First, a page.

Liz Ann Sonders began her presentation at the Schwab Impact preconference Tuesday in Denver by quoting Sir John Templeton on bull markets, which the famed investor said “are born on pessimism, grow on skepticism, mature on optimism and die on euphoria.”
This current bull market remains in the optimism phase, Schwab’s chief market strategist said, and positing that “we’re nowhere near the euphoria we see at market tops.” In a wide-ranging talk on the markets and economy, Sonders said saw a lot to like, but warned that “volatility is here to stay.”
Among the good news for the markets and economy: the risk of recession is low; average payrolls are growing (which she suggested may have helped spur the Federal Reserve’s move to end quantitative easing); the U.S. had a record deficit drop in 2013; private-sector deleveraging “has come a long way”; the spread between private-sector and government spending is narrowing, helped by increased federal government spending since the sequestration; and the U.S. is now the world’s largest oil producer.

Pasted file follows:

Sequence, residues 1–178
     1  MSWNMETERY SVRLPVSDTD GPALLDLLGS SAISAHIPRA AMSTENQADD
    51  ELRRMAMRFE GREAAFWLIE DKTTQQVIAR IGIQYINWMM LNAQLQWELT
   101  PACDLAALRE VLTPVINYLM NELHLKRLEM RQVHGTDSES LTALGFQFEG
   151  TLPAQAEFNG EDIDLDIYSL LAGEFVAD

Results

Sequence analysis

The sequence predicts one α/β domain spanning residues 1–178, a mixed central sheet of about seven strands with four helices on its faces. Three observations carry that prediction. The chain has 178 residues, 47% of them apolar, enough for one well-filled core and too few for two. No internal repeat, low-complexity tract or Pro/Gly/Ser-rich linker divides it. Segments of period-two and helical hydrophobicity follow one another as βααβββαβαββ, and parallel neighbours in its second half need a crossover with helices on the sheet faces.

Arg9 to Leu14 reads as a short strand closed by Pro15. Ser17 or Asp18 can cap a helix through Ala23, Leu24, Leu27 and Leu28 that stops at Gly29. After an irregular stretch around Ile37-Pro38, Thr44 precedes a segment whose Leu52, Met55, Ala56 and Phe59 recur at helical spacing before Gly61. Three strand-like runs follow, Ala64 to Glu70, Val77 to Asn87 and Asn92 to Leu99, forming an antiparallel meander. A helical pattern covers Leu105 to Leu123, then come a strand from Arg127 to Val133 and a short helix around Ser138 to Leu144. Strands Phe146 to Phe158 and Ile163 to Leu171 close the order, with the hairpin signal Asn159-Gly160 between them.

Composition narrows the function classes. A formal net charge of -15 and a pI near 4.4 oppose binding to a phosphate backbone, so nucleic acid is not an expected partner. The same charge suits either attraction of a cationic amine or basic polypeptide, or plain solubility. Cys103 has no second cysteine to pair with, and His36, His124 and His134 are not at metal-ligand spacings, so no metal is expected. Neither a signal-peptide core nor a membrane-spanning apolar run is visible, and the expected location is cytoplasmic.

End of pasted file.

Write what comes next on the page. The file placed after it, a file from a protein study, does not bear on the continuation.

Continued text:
With the oil/gas sector’s capital expenditures accounting for only 8.2% of total U.S. capital expenditures, “decreasing energy prices may not take such a bite” out of the economy, Sonders said.
The Fed’s inflation benchmark, the personal consumption exenditures index (PCE), is “sitting well below the 2% threshold,” she said.
In her trademark “on-the-one-hand, on-the-other-hand” approach, Sonders did point out some of the less-than-good news. For example, consumer spending, which she calls the “big whammy” that accounts for two-thirds of U.S. economic growth, decreased during the third quarter of 2014. That record deficit drop in 2013 won’t be matched this year, and the debt remains at 100% of GDP.
The International Monetary Fund last month projected U.S. GDP growth of 2.2% in 2014 and 3.1% in 2015, but Sonders said “the IMF stinks on forecasting.”
In a follow-up interview Wednesday, Sonders said that U.S. economic growth “will have to come from the other one-third of the economy,” including government spending.